Ground turkey and ground beef both have their benefits, but is one healthier than the other? Here a dietitian breaks down the nutrition profile of both to help you decide.

Hailed as the better-for-you pick for decades, ground turkey has become the default healthy stand-in for ground beef. Want healthier burgers? Swap in ground turkey. A leaner meatloaf? Ground turkey. Lower-calorie taco meat? Turkey.

Generally speaking, ground turkey is leaner than standard ground beef, a nutritional advantage, especially when it comes to heart health. Still, this protein choice can leave one to wonder how to improve the flavor and texture of this poultry meat. If you've ever chewed your way through a dry and flavorless turkey burger, you know what we're talking about. You might question if this protein swap is worth it. So, is ground turkey healthier compared to beef, and if so, how can we make ground turkey recipes more delicious? Let's break it all down and find out.

Gound beef next to ground turkey on a designed background
Credit: Adobe Stock / studybos

Is Ground Turkey Healthier than Ground Beef?

How healthy is ground turkey? Getting to the answer is not as straightforward as you might think. We need to level the playing field and compare ground turkey and ground beef with similar lean meat-to-fat ratios.

You've seen a variety of ground beef and ground turkey options in your grocer's meat department. Depending on the cut of beef used, ground beef contains between 25% and 30% fat, or as little as 7% fat, when made from leaner cuts, like sirloin. Most ground turkey is made from a combination of light and dark meat, coming in around 7% fat. Very lean ground turkey is made from turkey breast and can contain as little as 1% fat.

First, let's compare one of the more common varieties of ground beef available (70% lean, 30% fat) with ground turkey (93% lean, 7% fat).

Here's the nutritional profile of 3 ounces of 70/30 ground beef:

  • Calories: 235
  • Protein: 22 g
  • Total Fat: 16 g
  • Saturated Fat: 6.2 g
  • Carbohydrates: 0 g
  • Cholesterol: 75 mg
  • Sodium: 69 mg
  • Iron: 2 mg

Here's the nutritional profile of 3 ounces of 93/7 ground turkey:

  • Calories: 181
  • Protein: 23 g
  • Total Fat: 10 g
  • Saturated Fat: 2.5 g
  • Carbohydrates: 0 g
  • Cholesterol: 88 mg
  • Sodium: 77 mg
  • Iron: 1.3 mg

Choosing ground turkey saves about 50 calories and cuts saturated fat by more than half. From a nutrition perspective, ground turkey is the winner. But what happens when we trade the 70/30 ground beef for a 93/7 variety?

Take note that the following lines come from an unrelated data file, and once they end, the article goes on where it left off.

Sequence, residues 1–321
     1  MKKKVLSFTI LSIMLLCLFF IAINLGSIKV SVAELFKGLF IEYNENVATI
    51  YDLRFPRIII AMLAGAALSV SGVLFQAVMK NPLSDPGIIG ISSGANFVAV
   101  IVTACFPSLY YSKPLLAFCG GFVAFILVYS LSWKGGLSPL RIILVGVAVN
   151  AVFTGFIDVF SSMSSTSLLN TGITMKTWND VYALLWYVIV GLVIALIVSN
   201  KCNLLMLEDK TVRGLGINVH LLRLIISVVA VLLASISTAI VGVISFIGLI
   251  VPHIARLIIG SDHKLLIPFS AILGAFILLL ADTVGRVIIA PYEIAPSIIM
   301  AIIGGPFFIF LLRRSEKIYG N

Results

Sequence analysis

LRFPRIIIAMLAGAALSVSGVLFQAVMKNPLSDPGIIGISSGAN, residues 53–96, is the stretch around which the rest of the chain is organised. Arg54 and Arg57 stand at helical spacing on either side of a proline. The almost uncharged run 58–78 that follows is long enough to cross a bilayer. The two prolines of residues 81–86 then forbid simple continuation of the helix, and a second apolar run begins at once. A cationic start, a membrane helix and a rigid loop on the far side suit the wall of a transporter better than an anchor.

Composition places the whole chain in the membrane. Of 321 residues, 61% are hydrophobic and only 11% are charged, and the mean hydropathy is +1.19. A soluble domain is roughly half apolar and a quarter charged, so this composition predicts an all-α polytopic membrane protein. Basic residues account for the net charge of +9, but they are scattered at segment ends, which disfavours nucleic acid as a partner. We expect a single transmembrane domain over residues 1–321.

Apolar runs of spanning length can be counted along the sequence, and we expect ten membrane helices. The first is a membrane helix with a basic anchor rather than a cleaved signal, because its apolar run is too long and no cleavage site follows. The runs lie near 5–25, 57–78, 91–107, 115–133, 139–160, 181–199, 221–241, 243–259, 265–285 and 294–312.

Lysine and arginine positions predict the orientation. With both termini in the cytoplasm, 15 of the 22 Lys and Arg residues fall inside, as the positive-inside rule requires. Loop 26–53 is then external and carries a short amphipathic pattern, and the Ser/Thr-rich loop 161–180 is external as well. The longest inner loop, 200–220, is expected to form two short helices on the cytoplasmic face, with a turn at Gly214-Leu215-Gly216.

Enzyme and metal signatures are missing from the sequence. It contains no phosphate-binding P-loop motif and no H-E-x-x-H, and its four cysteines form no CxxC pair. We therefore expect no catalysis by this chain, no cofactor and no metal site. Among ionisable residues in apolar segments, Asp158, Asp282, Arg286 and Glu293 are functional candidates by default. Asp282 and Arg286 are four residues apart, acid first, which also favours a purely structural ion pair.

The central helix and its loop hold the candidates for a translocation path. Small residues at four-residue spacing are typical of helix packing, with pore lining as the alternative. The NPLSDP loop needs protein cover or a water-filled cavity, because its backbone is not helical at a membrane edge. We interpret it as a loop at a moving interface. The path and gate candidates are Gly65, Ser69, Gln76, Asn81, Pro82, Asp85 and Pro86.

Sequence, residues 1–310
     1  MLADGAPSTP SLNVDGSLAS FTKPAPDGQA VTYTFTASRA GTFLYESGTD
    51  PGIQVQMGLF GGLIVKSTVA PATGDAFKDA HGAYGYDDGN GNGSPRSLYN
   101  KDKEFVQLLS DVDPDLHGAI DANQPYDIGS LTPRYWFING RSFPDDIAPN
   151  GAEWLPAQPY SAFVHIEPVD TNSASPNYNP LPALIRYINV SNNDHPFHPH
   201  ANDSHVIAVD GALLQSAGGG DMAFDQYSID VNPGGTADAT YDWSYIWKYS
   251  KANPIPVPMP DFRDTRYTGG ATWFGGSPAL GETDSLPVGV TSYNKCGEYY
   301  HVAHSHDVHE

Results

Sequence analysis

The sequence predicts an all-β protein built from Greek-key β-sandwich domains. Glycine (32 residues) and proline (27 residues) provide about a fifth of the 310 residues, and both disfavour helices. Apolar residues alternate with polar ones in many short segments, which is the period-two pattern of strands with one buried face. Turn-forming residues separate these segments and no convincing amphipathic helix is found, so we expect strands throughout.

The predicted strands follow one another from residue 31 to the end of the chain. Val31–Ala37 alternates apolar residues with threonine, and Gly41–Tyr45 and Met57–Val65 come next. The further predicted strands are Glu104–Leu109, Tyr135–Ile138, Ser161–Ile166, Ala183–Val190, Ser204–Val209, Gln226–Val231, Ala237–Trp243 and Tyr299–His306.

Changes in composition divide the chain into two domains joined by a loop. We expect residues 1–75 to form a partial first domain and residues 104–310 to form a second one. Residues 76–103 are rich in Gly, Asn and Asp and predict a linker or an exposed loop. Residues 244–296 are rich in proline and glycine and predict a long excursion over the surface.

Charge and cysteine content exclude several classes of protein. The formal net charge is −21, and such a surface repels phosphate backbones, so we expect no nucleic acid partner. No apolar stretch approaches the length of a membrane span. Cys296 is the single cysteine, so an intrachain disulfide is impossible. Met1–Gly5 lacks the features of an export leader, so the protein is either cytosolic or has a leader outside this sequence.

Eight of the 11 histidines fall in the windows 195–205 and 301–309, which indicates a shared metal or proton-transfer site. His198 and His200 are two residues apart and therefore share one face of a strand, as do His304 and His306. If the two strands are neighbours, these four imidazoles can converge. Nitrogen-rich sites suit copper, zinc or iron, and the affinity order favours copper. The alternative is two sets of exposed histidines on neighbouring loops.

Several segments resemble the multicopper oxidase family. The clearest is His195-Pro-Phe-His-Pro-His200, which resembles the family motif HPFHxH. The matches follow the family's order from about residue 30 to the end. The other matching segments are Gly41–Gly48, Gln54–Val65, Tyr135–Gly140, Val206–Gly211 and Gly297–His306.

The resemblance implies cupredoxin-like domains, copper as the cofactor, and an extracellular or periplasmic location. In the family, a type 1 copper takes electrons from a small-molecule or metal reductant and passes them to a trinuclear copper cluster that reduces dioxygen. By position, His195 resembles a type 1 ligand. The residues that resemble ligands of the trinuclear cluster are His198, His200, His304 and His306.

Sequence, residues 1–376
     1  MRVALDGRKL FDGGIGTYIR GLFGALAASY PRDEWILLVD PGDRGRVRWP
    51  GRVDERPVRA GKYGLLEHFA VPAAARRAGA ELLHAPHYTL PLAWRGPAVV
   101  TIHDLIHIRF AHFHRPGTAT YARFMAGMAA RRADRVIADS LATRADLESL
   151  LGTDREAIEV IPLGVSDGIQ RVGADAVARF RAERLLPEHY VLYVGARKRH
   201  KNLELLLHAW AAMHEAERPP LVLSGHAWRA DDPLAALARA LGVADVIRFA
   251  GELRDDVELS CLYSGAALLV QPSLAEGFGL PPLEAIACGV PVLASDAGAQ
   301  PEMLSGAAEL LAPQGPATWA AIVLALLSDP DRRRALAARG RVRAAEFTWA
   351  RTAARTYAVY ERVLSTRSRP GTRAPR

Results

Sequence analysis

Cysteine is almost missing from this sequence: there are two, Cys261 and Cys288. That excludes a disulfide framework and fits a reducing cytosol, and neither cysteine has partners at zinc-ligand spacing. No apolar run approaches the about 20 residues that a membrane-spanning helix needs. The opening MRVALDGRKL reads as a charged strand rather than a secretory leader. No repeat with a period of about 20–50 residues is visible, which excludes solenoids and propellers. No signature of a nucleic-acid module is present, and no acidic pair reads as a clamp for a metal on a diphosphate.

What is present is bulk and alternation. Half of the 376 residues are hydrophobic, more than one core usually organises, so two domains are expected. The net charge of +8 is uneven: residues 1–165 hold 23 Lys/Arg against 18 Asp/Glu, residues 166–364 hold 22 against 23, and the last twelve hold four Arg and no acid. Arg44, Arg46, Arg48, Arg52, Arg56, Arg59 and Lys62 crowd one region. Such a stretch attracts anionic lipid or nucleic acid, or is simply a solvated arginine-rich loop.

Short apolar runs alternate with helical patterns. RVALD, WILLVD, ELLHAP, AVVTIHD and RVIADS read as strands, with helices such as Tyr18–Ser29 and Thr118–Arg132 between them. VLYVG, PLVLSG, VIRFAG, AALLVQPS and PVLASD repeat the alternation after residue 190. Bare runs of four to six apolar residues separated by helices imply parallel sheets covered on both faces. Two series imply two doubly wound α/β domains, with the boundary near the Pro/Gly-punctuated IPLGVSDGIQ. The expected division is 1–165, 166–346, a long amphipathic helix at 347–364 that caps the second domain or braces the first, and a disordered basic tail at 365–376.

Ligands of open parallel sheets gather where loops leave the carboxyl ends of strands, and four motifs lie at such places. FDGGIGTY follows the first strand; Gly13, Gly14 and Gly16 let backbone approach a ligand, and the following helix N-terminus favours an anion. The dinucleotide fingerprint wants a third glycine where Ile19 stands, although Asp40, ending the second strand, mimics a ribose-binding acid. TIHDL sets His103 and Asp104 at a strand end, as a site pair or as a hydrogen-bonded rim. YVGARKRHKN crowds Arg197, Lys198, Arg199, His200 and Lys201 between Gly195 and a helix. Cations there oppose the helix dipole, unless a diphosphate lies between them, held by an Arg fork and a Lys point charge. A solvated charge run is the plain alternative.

Here's the nutritional profile of 3 ounces of 93/7 ground beef:

  • Calories: 178
  • Protein: 25 g
  • Fat: 8 g
  • Saturated Fat: 3.3 g
  • Carbohydrates: 0 g
  • Cholesterol: 76 mg
  • Sodium: 73 mg
  • Iron: 2.7 mg

When the lean meat-to-fat ratio of ground beef and ground turkey is the same, their nutrition profiles are very similar. The lean ground beef contains about 25% more saturated fat (a difference of about 1 gram for a 3-ounce serving), is lower in total fat and cholesterol and is slightly higher in protein and iron, compared to the turkey.

Ground Turkey vs. Ground Beef—Who Wins?

The answer? It's sort of a toss-up. Whether you snag ground turkey or ground beef on your next grocery run should ultimately depend on a few things—health goals, budget and taste preferences.

If you're looking to reduce calories for weight loss, take your pick between lean ground turkey or lean ground beef. Aim for a lower-fat variety, like 93/7 ground turkey.

Keeping tabs on saturated fat for heart health? Lean ground turkey is the better pick.

If you're watching your grocery spending, the leaner the ground beef variety, the higher the price tag (usually). Opt for ground turkey when you're on a budget, or stock up and freeze lean ground beef when it's on sale.

Of course, consider your taste buds. Lean ground turkey is milder in flavor and less likely to dry out when mixed with other ingredients. Ground beef has a more distinctive flavor, so if you're craving a beef burger or classic meatballs, go for beef, keeping the lean-to-fat ratio in mind. Or use a combo of the two in your fave dishes.

And while you don't have to give up meat to eat more sustainably, the production of poultry products may have less of an impact on greenhouse gas emissions compared to beef.

What to Make with Ground Turkey

sesame honey ground turkey meatloaves

Lean ground turkey is a super versatile protein that works well in lots of recipes. It can be used interchangeably with ground beef and won't dry out with some simple tricks. Some of our top-rated healthy ground turkey recipes to keep on hand include Honey-Sesame Turkey Meatloaf with Broccolini, Ground Turkey Stuffed Peppers, Lemon-Rosemary Turkey Meatballs and Quick Turkey Meat Sauce.

The Bottom Line

Ultimately, your personal health goals are what will determine whether ground turkey or ground beef is the better option for you. If you want to feel more satisfied after meals or are trying to lose weight, lean ground turkey or lean ground beef works well. If you're eating for a healthy heart, lean ground turkey—which is lower in saturated fat—is the better pick for you. Of course, you can still enjoy ground beef from time to time, but choosing lean ground turkey more often will help your heart in the long run. If it comes down to budget, ground turkey is often the cheaper option. And of course, taste preference comes into play, too. The bottom line is—both can be part of a healthy diet.